If one arranges all the numbers in a set of data from the highest to the lowest values, the ‘median’ is the number in the middle of the data set. It is not the ‘average’ or ‘mean’ of the dataset. The median is primarily used for skewed distributions and it is seen as a better indication of central tendency than the arithmetic mean. It specifiaclly helps to provide a more robust measure of ‘central tendency' in datasets that contain outlier values. For example, if you have a dataset that contains the 9 numbers (2, 2, 2, 3, 3, 3, 4, 5, 21), the median would be 3 (the fifth number, but the arithmetic mean would be 5.
Anyway, a patient's maternal serum marker results are then expressed in each laboratory as multiples of the median (MoM), rather than as a raw 'marker' concentration. It has been found that maternal weight, maternal race/ethnicity, smoking, and maternal diabetes mellitus (insulin-dependent) variably affect maternal serum marker value. Most laboratories today correct the MoM for these conditions so that a given MoM value accurately reflects the risk of abnormality. Laboratories request that information related to these conditions be included, along with the gestational age, when the specimen is submitted. There is sufficient data available now that these 'corrections' improve the reliability of the screening tests. All this is done by computer analysis of very large data bases, so I am not able to push the numbers with my own little brain!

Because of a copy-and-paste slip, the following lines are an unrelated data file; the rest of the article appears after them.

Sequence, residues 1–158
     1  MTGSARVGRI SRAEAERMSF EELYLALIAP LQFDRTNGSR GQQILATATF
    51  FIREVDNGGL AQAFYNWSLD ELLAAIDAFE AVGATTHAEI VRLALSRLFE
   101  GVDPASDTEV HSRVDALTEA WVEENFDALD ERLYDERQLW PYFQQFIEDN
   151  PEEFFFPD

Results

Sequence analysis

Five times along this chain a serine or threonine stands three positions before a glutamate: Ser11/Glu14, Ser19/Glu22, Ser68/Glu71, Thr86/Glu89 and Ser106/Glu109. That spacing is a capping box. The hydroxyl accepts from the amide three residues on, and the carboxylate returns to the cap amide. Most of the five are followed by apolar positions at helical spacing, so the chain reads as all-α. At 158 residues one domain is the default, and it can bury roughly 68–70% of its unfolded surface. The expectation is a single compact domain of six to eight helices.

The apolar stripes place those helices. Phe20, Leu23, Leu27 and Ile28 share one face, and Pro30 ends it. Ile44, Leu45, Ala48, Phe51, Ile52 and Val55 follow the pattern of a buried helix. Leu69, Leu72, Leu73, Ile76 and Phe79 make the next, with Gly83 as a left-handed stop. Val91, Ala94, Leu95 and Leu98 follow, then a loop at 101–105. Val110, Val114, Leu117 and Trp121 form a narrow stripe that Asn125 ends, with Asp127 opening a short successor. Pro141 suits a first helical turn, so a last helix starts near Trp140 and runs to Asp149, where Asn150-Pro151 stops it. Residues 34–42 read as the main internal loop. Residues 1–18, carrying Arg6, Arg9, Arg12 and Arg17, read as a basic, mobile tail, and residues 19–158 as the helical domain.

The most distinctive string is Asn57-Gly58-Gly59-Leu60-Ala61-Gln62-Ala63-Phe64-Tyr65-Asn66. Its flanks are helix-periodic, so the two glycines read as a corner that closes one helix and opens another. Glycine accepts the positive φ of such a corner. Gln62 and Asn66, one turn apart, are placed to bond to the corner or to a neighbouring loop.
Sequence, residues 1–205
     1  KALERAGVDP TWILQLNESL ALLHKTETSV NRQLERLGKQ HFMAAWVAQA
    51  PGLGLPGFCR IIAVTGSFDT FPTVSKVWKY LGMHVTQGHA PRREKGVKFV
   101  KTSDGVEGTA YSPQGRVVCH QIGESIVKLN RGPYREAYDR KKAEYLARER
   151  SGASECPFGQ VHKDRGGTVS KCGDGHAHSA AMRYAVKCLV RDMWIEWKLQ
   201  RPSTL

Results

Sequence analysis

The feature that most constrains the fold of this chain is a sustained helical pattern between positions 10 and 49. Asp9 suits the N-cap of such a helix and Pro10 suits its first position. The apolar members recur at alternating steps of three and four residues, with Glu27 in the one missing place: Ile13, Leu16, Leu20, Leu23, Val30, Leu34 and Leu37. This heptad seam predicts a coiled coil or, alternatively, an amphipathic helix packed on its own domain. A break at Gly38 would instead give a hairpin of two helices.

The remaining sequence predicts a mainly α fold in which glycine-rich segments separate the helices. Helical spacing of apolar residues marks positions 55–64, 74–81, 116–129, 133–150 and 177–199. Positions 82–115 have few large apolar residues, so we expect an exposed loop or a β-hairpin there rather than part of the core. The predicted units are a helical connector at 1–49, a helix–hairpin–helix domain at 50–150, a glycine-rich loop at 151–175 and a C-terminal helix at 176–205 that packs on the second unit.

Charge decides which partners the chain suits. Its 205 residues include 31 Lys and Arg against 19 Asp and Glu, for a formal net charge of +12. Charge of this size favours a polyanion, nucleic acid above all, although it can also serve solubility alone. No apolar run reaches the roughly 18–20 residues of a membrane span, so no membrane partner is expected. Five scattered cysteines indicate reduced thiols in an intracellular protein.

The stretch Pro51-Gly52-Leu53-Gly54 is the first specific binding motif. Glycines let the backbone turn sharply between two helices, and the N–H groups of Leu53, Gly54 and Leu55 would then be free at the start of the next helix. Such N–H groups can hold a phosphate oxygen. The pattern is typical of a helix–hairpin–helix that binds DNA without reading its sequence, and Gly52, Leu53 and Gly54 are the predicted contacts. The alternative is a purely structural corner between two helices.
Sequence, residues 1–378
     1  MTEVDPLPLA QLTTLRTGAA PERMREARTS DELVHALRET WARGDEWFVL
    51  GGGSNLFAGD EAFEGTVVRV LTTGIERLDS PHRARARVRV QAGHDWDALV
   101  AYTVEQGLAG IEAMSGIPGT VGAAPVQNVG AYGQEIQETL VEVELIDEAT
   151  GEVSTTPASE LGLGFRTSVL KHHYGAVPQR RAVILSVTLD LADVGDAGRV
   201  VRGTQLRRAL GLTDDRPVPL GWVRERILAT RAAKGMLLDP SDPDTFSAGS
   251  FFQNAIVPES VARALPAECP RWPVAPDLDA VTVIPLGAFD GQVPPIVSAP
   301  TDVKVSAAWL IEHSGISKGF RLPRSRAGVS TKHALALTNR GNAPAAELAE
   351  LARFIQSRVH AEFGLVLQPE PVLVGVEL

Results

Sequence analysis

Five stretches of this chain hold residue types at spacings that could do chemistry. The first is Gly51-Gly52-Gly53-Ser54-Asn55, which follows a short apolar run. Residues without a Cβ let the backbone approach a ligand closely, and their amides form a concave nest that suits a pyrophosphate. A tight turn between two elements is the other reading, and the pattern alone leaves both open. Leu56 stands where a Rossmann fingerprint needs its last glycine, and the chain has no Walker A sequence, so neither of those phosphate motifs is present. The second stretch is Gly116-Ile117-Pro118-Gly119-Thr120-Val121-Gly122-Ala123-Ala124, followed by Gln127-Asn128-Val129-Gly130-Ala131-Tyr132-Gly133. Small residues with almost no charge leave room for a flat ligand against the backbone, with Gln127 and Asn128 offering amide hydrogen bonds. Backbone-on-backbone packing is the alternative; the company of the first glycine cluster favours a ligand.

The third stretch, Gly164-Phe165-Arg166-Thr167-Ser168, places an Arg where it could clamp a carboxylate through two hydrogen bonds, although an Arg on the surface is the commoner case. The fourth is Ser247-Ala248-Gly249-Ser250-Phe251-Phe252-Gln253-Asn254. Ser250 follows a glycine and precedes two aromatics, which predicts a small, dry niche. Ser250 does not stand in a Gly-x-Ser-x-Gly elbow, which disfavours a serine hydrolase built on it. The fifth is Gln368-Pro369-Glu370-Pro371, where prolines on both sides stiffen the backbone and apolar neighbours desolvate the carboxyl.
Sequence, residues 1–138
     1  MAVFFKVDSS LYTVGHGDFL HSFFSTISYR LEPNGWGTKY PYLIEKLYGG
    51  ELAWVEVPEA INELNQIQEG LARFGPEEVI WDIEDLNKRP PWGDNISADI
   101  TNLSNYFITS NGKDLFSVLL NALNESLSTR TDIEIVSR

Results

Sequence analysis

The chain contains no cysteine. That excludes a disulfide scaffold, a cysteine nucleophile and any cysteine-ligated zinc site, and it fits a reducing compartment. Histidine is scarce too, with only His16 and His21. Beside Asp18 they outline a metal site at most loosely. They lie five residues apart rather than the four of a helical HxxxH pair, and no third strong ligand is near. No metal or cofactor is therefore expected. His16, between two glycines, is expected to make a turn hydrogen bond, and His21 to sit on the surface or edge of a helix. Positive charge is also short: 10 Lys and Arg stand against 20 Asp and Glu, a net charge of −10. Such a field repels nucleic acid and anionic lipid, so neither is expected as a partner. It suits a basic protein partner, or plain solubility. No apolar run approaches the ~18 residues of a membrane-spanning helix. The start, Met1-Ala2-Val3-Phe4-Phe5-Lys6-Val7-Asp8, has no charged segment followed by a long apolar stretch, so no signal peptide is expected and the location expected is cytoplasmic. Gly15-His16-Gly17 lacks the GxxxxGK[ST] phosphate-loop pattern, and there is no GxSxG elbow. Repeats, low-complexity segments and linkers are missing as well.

Thanks for a good question and I hope this helps you understand your test results better. Dr T
• At Mon Mar 31, 08:39:00 AM 2008, Anonymous said…